Six sigma: what it is and what it’s for

six sigma method

Not everyone is familiar with the Six Sigma method and especially what it is for. We will try to break it down in this article.

Digital transformation has become the buzzword of this decade.

New technologies and tools are supporting the transformation path of large and small organizations that are competing for a larger share of the market in an extremely competitive environment.

Although digital transformation quickly follows the growth of an organization, it must be equally supported by management methods of quality control and business transformation.

Focusing on emerging markets and processes, the American company Motorola developed a new concept of quality management process in 1986.

Over the years, this process has been refined into a defined process aimed at corporate transformation.

This method is called Six Sigma.

What is Six Sigma?

Six Sigma is a set of management tools and techniques designed to improve the business by reducing the odds of error.

It is a data-based approach that uses a statistical methodology to eliminate defects.

The etymology is based on the Greek symbol “sigma” precisely – σ – a statistical term that measures the deviation of the process from the average or target of the process.

Six Sigma” is taken from the bell curve used in statistics, where a sigma symbolizes a single standard deviation from the mean.

If the process has six Sigma, three above and three below average, the defect rate is classified as “extremely low”.

The 5 Six Sigma key principles

The Six Sigma concept has a simple objective: delivering near-perfect products and services considering business transformation with the aim of optimal customer satisfaction.

Six Sigma has its foundations in five key principles:

1. Customer Focus

The primary objective is to offer the ultimate benefit to the customer. For this, an organization must understand its customers, their needs and what drives sales and retention. This requires the definition of quality standards defined by what the customer or the market require.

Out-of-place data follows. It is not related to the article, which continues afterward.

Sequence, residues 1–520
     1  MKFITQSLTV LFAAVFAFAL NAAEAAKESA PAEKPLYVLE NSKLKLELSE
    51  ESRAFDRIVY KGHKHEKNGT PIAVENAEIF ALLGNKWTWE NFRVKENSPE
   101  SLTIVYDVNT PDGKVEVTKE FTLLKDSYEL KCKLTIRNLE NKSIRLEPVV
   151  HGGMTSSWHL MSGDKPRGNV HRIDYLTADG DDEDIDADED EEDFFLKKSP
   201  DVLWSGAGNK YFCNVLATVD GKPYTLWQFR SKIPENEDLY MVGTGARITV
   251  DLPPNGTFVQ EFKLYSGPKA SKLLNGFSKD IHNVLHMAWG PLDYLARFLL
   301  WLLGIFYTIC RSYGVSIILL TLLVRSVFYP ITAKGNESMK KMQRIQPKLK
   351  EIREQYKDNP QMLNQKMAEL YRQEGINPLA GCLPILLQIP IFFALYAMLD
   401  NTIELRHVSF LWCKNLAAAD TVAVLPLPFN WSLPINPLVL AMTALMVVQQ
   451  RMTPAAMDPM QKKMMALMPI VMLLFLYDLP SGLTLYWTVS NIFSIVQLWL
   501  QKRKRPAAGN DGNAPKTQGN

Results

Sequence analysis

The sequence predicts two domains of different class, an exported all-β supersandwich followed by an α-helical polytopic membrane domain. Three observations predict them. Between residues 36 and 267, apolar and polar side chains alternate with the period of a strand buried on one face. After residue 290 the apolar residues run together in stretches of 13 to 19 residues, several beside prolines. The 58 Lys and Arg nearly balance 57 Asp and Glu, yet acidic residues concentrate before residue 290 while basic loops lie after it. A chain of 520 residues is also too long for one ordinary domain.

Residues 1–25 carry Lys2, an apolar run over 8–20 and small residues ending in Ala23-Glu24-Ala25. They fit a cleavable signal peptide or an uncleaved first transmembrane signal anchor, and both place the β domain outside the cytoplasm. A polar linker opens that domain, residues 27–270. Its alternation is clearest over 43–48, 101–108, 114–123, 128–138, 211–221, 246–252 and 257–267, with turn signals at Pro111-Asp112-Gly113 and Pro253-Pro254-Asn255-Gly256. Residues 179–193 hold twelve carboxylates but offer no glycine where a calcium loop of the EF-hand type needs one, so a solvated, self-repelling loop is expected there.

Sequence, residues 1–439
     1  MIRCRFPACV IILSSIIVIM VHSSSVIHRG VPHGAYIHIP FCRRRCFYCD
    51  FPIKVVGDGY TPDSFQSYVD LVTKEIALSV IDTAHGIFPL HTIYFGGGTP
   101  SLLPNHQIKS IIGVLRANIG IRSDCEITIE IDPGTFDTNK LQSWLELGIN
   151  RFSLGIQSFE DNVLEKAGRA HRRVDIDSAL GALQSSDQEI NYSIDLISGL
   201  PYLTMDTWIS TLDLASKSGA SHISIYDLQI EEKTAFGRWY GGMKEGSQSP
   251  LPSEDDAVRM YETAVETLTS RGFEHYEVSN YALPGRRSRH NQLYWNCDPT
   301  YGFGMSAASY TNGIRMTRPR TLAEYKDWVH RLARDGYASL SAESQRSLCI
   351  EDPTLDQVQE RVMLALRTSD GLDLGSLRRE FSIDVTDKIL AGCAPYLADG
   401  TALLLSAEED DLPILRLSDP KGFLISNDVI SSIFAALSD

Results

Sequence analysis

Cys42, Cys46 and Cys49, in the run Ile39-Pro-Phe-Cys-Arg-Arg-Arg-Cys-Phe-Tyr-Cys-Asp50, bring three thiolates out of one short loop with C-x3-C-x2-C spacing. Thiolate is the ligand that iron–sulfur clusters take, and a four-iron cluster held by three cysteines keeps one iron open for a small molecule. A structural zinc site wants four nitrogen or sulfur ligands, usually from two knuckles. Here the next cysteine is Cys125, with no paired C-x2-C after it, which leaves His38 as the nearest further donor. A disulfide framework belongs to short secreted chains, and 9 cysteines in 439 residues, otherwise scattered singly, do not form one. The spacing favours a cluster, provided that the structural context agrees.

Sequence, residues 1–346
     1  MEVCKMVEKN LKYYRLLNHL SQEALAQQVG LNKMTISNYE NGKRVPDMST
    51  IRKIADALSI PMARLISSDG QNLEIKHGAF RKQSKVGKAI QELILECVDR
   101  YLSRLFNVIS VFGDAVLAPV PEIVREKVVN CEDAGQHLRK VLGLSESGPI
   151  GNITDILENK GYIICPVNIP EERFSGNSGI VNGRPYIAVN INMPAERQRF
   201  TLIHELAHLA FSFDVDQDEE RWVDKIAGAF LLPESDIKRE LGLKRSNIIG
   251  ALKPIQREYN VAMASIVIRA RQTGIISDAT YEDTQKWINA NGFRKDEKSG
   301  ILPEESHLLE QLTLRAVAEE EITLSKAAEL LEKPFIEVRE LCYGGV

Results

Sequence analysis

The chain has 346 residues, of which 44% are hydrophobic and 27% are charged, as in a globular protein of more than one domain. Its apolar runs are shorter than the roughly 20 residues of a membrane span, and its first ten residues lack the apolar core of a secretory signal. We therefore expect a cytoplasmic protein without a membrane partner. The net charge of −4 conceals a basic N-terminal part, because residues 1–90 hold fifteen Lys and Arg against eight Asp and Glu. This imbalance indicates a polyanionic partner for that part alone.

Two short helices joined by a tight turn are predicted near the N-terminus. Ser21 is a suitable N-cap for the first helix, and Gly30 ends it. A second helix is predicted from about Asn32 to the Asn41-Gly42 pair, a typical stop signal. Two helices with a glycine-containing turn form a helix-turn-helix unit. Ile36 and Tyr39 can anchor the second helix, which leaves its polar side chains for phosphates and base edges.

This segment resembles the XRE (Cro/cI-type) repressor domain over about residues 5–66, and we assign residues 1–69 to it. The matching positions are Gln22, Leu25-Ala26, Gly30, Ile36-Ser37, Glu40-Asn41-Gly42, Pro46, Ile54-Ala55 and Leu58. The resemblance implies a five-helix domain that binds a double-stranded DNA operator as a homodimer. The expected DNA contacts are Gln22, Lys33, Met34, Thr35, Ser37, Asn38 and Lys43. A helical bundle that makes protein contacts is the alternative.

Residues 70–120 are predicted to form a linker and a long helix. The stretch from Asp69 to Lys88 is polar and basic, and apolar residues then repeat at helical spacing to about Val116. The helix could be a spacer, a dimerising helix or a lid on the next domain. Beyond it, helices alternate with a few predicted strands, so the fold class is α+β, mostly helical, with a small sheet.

2. Measuring the value flow and identifying the problem

Mapping the phases in a given process to determine the areas of waste and collect data to discover the specific area of the problem to be addressed.

3. Removal of defects

Once the problem has been identified, adjustments must be made to the process to eliminate activities that do not add value, thus removing defects.

4. Engaging and training stakeholders

Engage all stakeholders and adopt a structured process in which the team contributes and cooperates in problem solving. Six Sigma processes can impact an organization in general, so the team must be competent in the principles and methodologies used. Therefore, training and specialist knowledge are needed to reduce the risk of errors and ensure that the process works optimally.

5. Guaranteeing a flexible and reactive framework

The essence of Six Sigma is business transformation and change. When a defective or inefficient process is resolved, a change in work practice and/or employee approach is required. A corporate culture of flexibility and responsiveness to changes in procedures can therefore offer an advantage. The people and departments involved should be capable of adapting to changes with ease.